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if you have Guineas that sleep in the trees?

Discussion in 'Guinea Fowl' started by maltesegirl1980, Feb 15, 2017.

  1. maltesegirl1980

    maltesegirl1980 New Egg

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    Hi I like to get some Guineas but I want them to sleep in the trees . How do u train them to stay on the property and what age should I get them for this .. thanks
     
  2. R2elk

    R2elk Overrun With Chickens

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    Depending on where you live, having guineas spend the night outside of a protected coop can be a death sentence. They are very vulnerable to predators at night. Hens in particular can be extremely vulnerable. When it comes to laying and brooding season the guinea hens make their nests on the ground and become very susceptible to an even larger group of predators.

    I lost my whole first flock of guineas to owls before I realized what was going on. I put my current flock of guineas in their coop at night and have not lost a single guinea to predators by using this method.

    The best way to get guineas to learn where home is, is to start with keets.
     
    Last edited: Feb 15, 2017
    1 person likes this.
  3. Potrack

    Potrack New Egg

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    Most guineas available are day old keets and this is good because, being creatures of habit, you want them to develop the
    habit of your homeplace being their homeplace. In my experience free range guineas generally stick pretty close to wherever they
    spend their childhood and maybe range over 5 or 6 acres. As for my guineas, roosting in the trees was a natural development. Must be instinctive. They roost in a tree in my chicken pen 99% of the time and are safer that way. I have owned around 25-30 guineas at the time for many years.
     
  4. ludwing

    ludwing Chillin' With My Peeps

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    They are lovely to watch around, but easly to become a supper on predators indoors.[​IMG]
     
  5. jak2002003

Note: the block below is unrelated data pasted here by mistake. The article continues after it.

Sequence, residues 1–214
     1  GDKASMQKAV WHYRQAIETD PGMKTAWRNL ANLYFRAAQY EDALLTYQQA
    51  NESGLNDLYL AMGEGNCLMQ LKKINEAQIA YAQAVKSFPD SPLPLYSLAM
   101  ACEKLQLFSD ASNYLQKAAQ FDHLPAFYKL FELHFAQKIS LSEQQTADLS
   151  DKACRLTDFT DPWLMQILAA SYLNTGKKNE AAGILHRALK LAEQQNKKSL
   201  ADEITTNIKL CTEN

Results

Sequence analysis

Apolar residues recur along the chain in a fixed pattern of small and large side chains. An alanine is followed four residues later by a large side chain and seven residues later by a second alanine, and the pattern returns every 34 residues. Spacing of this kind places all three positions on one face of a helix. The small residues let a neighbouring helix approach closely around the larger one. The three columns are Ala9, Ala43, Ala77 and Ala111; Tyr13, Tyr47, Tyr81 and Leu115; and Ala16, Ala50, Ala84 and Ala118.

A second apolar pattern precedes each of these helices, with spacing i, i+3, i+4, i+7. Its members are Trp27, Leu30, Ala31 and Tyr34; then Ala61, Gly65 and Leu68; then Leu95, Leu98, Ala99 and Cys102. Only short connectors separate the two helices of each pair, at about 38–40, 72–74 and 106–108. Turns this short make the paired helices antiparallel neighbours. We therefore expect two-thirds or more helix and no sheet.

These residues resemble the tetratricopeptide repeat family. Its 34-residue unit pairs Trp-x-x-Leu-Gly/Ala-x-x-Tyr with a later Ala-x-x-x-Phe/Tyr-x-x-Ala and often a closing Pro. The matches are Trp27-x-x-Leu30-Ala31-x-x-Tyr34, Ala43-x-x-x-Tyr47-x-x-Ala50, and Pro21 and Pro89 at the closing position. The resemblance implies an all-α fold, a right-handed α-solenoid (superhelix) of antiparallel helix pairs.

jak2002003 Overrun With Chickens

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    I am lucky where I live as don't have any problems with owls or hawks at all... I think local people have shot them all a long time ago.

    Lots of ground predators like pythons and mongoose, but my guinea fowl sleep very high in huge trees so they can't be captured.

    But I did have a problem with street dogs killing my first flock. The crafty dogs would hide under the bushes and wait until the morning when the guinea fowl first flew down to the ground.... then rush out and grab them just at they hit the ground.

    Now I got my property dog proof... and my current flock is safe.

    If you have no predator problems, and the weather where you are does not get too cold in winter, then its easier to have them sleep in trees. You have no coop to clean out, you don't have to round up strays and herd them to the coop at night, etc.

    The young birds should be put outside after they get their feathers and can fly (about 6 weeks). Keep them in a small coop / chicken tractor / pen, under the trees where you want them to roost.

    Keep them in there for a few weeks. After that let them out to explore. At night they should come back to the pen and you can lock them in. When you feel they have 'homed' to your property and are not wandering off you can then lock up the pen and when they come back in the evening they will then try to sleep on top of it or fly up into the trees. After a while they will get into the habit of flying up into the trees to sleep.... they really love to get as high up as they can.